Even if it were larger than customary, size of deposit, by itself, was insufficient to make forfeiture unconscionable

Ontario civil | Real Property | Sale of land | Remedies

In August 2011, plaintiff's brother agreed to purchase vendor's residential condominium unit, paid deposits of $82,498.50 (brother’s deposit) but he failed to complete and forfeited deposit in April 2016. On May 7, 2016, plaintiff signed agreement of purchase and sale (APS) for vendor's other unit in same complex for $359,999.00 requiring $54,000 in deposits, and final $18,000 deposit on occupancy date (20 per cent of purchase price). On May 26, 2016, amended APS credited brother's deposit as deposit towards plaintiff's purchase, and required $18,565 deposit on occupancy date. Plaintiff failed to pay $18,565 on August 2, 2016, and vendor allowed plaintiff to cure default on August 23, 2016. Plaintiff failed to complete on September 28, 2016 or on November 2, 2016 extended closing date. On November 3, 2016, vendor terminated APS and retained plaintiff's $18,565.00 deposit and brother’s deposit, totaling $101,063.50 (28 per cent of purchase price). Vendor ultimately sold for $11,000 over APS. On motion for determination of point of law, forfeited sum was not out of proportion to damages suffered. Deposit exceeded 20 per cent that appeared to be amount usually required by vendor for this condominium complex and was above upper range of 25 per cent found in case law. Plaintiff failed to establish that deposit was disproportionately large in circumstances, or that even if it were larger than customary, size of deposit, by itself, was insufficient to make forfeiture unconscionable. It could not be concluded that there was inequality of bargaining power, substantially unfair bargain existed, plaintiff was unsophisticated, or negotiations were not bona fide, nor did vendor's conduct support finding of unconscionability. Gravity of plaintiff's breach was significant, but vendor gave plaintiff significant benefit by allowing brother's deposit to be used as credit towards his purchase, and twice offered to extend timelines to allow plaintiff to complete. It would not be unconscionable for vendor to retain money.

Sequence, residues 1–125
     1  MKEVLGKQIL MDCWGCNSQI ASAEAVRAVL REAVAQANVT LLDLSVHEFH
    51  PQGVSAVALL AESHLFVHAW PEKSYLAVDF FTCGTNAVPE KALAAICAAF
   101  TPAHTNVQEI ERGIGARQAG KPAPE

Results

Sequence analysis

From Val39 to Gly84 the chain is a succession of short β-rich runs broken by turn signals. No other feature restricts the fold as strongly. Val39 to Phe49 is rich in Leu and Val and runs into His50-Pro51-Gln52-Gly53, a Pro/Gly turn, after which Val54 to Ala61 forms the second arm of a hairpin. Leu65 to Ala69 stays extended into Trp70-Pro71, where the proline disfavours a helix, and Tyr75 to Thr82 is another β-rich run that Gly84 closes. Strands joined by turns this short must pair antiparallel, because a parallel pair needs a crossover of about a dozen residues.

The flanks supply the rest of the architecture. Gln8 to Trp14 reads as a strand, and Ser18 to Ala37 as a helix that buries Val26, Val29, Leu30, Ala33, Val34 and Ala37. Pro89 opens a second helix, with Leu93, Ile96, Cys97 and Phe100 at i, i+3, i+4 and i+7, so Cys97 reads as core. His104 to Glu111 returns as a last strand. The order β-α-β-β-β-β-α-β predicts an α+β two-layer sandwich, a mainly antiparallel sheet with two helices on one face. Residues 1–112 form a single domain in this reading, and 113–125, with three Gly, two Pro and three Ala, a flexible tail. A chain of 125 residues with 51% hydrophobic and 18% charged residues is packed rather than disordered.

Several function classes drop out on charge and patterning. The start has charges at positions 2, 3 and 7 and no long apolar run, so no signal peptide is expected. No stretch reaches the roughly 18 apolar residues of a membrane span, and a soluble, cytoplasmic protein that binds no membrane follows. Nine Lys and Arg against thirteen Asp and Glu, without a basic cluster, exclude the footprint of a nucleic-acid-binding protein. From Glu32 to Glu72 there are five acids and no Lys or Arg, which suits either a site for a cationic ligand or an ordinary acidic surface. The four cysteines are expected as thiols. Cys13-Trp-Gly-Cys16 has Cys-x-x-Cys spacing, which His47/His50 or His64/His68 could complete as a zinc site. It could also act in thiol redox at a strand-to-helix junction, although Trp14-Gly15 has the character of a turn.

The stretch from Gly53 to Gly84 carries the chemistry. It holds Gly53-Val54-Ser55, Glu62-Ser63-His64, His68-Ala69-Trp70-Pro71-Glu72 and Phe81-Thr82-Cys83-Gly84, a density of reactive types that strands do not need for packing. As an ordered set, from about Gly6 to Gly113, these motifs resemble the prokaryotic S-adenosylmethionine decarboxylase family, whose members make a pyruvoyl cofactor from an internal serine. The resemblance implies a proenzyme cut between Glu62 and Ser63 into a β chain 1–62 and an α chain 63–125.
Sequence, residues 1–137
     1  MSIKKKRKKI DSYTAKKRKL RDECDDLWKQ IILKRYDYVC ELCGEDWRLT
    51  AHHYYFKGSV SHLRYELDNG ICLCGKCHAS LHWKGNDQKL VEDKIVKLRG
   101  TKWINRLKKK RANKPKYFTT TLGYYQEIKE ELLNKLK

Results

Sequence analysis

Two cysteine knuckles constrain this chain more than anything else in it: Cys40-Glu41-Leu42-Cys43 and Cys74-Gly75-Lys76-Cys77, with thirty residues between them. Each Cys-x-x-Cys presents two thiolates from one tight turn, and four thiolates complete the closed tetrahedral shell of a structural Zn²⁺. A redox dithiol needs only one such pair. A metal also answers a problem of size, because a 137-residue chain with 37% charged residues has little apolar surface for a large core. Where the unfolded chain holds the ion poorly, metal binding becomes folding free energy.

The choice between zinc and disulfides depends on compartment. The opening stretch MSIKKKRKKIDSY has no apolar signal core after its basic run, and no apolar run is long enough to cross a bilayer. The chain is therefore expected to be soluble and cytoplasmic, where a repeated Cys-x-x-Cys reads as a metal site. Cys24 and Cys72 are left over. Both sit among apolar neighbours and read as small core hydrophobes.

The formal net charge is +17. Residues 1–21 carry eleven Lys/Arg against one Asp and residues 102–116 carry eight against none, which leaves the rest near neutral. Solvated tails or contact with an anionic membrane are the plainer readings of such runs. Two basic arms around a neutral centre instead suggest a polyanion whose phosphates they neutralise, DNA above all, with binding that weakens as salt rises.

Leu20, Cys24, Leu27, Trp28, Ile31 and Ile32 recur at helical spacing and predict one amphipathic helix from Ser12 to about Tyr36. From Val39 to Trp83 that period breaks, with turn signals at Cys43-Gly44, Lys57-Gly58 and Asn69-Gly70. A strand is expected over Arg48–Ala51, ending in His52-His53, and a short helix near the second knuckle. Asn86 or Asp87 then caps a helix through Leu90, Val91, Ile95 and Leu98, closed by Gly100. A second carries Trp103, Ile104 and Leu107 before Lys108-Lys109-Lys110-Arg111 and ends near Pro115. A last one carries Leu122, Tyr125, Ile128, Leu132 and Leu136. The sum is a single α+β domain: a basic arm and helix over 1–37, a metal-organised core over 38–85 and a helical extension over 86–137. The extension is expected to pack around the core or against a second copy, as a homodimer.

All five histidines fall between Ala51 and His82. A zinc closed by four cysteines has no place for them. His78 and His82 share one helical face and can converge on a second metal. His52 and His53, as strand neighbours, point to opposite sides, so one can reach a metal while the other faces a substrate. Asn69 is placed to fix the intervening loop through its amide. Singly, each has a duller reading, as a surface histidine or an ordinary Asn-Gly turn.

Nawara v. Riverstone (2019), 2019 CarswellOnt 50, 2019 ONSC 111, L.C. Sheard J. (Ont. S.C.J.).

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